Whilst not completely blind to the alternatives I have in the last couple years found myself occasionally dropping into Ubisoft’s STEEP, which if you were to ask me, is the closest current gen game to get anywhere near the SSX series. The predecessor to the Shaun White Snowboarding game, STEEP elevated extreme sports video games to become the golden standard. This standard was only achieved because there is literally nothing else in the way of competition at the time of its release. This could be said about the genre as whole right now, people are just not drawn in by this type of game anymore. I go on this simply by what is currently in fashion on twitch and I for one am getting quite sick of the constant repetition found in trends these days. There needs to be changes!

I think where STEEP and Shaun White Snowboarding went wrong was that it didn’t tackle the needs of the average casual gamer. It became bespoke to the extreme sports enthusiast and a niche for people who already enjoy extreme sports. Advanced control schemes and simulation style gameplay replaced the arcade style pick up and play simplicity of SSX. Don’t get me wrong, extreme sports is something I am deep rooted too and personally love the simulation style that you find in STEEP. It separates the weak from the herd as it were, but where does that leave you when 99% of people playing online won’t touch the game with a 10ft barge pole. I believe that success lies in the middle. A recipe which (by all information) I have to go on will hopefully be practised in the 2021 release of Riders Republic – a brand new extreme sports video game.

Let me just say that currently as I am writing this blog post. Riders Republic was supposed to of been released (now delayed until late 2021) and at the point of its original release date only had one cinematic style trailer for people to go by. It’s fair to say that Ubisoft’s marketing budget was not stretched when it came to the pre-release PR of Riders Republic.
Now being delayed until the end of this year, hopefully the one video we have will not be the only one. Good news is from what we have seen, it looks to take the premise of STEEP; huge open worlds, wide variety of sports and competitive online multiplayer, whilst somehow being intertwined with the ridiculousness and the spunk of SSX; Over the top design, arcade style, mega fun time. I guess only time will tell how this will reflect when people first pick up the pad to play.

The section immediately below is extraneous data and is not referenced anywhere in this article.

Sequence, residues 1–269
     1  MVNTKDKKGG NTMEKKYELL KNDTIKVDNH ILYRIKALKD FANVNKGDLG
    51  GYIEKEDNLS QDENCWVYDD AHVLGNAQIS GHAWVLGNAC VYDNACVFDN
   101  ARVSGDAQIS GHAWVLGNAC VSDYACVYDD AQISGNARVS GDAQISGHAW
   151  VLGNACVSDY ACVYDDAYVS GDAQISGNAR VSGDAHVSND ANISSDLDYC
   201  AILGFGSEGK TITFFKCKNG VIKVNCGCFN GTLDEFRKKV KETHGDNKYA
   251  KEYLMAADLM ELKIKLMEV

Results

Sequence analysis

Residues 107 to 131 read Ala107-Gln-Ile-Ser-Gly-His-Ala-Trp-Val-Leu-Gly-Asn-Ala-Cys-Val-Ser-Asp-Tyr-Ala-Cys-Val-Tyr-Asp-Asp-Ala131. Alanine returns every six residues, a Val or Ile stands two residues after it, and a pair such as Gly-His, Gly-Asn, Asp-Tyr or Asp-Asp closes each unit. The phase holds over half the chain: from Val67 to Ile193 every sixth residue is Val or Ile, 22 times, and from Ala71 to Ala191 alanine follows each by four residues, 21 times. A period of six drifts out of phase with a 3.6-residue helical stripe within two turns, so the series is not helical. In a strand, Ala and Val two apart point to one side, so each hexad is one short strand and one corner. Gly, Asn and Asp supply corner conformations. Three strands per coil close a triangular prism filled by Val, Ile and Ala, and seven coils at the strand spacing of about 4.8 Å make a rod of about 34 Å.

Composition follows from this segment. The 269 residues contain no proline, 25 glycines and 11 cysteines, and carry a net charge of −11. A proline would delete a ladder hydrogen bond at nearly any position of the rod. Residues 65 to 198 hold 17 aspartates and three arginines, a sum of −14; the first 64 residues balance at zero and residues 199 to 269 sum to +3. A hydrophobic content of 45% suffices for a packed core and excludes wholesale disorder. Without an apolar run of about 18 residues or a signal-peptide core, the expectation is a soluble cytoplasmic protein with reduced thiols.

In my very strange dreams of the past, I once imagined a full mountain race in SSX 3 with as many people playing as the graphics engine could allow. It now appears that something along this line will be a reality by the end of the year and I’m hoping I’m not the only one who’s interested. One thing that STEEP didn’t do well was bring all of the player base together. There was no hub, no decent way to communicate. The PvP elements were subject to terribly limited matchmaking Lobbies and any real-time co-operative implementation was done poorly. The best thing about STEEP’s multiplayer was going to the deepest depths of the map and just by chance catching somebody also freeriding in the vicinity. With only a few thousand in the active player base it gave you a true sense of the scale of the STEEP world. It was just a shame that when you do encounter someone in the hundreds of miles of map that you couldn’t even gesture them or send them a hello without inviting them to a party/private chat. If they can’t improve on this for Riders Republic, then all hope is lost quite frankly. Fortunately, from what is being said on Ubisoft’s website. There will be a community free roam hub for riders to group up and get ready. The co-operative and communicative elements will also be enhanced. They are claiming up to 50 riders will have the ability to race in large scale events which soothes me to my inner core. I’m just hoping that they can deliver in the gameplay aspect. I’m not saying they should ditch all the simulation elements that they can drag over from STEEP but I think for the sustainability of the game going in to the future the gameplay must have a pick and up and play style.

It’s a weird comparison but The Fall Guys game released in 2020 had a large-scale competitive element which could be extrapolated and transferred appropriately to the large-scale game modes apparently coming to Riders Republic. If this can be implemented correctly, I think Ubisoft could be on to a surprising winner. A game that is fit for the modern era of gaming with the Archaic remnants of the SSX spirit hidden within. Please UBISOFT. Make this one work. 

About the Author...

Abi

My name is Abi and I'm brand and media executive here at My MOD. I have a degree in Film, TV and Digital Production which speed ramped my passion for content creation and digital design. I love playing games like The Sims, The Legend of Zelda, Tomb Raider and anything that's going to give me a good story. BUT, do not rely on me to get the shots in on COD.